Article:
Any written work dealing with even a small aspect of the play Raisin in the Sun by Lorraine Hansberry should be excused its length because it is inevitable for the writer of the piece to digress at least slightly to express his/her admiration for the impact of the play and the its great creative and social contribution. “Hansberry saw History whole, …the present and the future in the light of the past” wrote Frank Rich in his 1983 review of the play. That precisely is the victory of the play which had local headlines screaming, “Housewife’s play is a Hit” when Raisin in the sun started its tryst with Broadway destiny. “Miss Hansberry’s play is a social protest, but it is such a consummate work of art that the objects of protest applaud it vigorously each night on Broadway” wrote John.A.Davis in 1960.
Lena Younger (mama) is the central character of the play and the matriarch of the family, which is about the struggle of a black family to break into the middle class respectability and acceptance. The aspirations of several or all of the characters of the play can be attributed to the American dream which like the eagle in the national symbol always aims to fly higher and higher than wherever it is stationed in the present. The focus of this essay is however the American dream and its realization from Lena Younger’s perspective.
She is the typical wife, mother and the matriarch of the family capable of infinite love and compassion and at the same time who can dare to dream for the upward mobility of the entire family. In the initial Acts the playwright establishes the general squalor of their living space. It is therefore obvious that mama wants her family to move to Clybourne Park, a white neighborhood with better space and better living conditions.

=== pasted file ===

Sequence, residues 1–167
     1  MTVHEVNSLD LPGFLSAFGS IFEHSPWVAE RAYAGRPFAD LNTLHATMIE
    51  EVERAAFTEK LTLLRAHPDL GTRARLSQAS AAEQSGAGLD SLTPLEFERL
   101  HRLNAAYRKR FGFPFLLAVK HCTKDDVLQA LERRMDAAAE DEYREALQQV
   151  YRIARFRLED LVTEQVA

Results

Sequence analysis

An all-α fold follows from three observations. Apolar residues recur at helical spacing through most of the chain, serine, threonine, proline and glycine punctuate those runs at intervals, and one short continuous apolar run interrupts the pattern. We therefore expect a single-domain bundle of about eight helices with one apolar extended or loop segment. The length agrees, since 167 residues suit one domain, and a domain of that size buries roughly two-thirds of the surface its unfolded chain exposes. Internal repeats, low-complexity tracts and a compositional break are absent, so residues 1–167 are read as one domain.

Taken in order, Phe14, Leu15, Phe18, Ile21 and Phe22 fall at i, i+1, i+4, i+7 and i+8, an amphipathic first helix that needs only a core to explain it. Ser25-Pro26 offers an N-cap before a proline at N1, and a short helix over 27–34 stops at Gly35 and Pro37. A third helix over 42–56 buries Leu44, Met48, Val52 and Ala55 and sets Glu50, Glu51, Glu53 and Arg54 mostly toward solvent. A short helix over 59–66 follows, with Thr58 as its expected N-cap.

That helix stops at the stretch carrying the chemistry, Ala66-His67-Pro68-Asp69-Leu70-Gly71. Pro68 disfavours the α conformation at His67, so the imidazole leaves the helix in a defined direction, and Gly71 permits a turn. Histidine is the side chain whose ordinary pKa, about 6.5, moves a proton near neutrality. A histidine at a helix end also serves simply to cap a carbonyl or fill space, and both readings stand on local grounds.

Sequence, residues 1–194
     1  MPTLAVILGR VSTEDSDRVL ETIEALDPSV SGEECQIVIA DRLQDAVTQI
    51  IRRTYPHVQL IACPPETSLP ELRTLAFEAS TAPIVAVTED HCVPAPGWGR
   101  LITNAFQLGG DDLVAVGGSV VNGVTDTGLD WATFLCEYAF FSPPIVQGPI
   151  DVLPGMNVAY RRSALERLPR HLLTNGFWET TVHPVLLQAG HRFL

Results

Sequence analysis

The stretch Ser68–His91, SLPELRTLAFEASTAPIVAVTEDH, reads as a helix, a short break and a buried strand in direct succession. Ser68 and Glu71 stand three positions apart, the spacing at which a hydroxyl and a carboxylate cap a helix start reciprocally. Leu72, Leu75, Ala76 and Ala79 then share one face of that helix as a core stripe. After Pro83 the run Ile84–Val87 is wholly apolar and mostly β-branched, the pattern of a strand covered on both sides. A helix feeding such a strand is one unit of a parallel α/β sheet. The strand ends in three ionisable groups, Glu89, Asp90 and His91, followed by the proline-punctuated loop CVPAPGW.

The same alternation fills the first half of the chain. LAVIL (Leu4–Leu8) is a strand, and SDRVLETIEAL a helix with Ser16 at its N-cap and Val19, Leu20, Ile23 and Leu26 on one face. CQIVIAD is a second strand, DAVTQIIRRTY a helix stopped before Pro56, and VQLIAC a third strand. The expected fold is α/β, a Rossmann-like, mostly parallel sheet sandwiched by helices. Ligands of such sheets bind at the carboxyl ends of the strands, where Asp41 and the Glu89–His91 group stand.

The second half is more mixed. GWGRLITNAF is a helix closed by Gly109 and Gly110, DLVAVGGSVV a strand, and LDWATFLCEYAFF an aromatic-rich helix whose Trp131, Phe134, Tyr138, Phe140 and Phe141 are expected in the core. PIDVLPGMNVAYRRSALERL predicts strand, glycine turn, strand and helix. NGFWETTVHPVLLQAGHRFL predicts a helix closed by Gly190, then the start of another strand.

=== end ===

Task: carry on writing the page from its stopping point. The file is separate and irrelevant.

In Act II, Scene I, Mama announces that she has made a down payment with the insurance company for a house, which she says, would have cost them double in a black neighborhood. Though it is easy to look at this scene as a simple wish fulfillment of a Family matriarch of having better dwelling where her dear grandson Travis can grow up and her children Walter and Benny can live in relative comfort, it can also be seen as the realization of a dream, a dream she and her late husband used to share about providing better for their children than they could provide for themselves in their lifetime. That practically has been the second half of the great American dream.
Always aiming to extract better from life and looking to grow upwards is the first half of the American dream and making it better for our kids is the second part that compliments and steps up the aspiration of the American dream. In deciding to move into a better dwelling mama takes the great leap of making living conditions better for her next generation and the next (Travis). In the earlier scene, Hansberry establishes that Lena Younger insists on having regular weekend cleaning rituals though they live in a cramped, lived in and roach infected tenement in the ghetto of Chicago.
This shows that she has all along tried to instill pride in who they are before aspiring to become what they want to be. As a person belonging to the generation which suffered the racial discrimination the most and who also witnessed the civil rights movements demolishing Crow’s Laws and provide equal rights to the colored people, she has the emotional strength to not hate her present condition though she dreams of better days for herself and more importantly her family.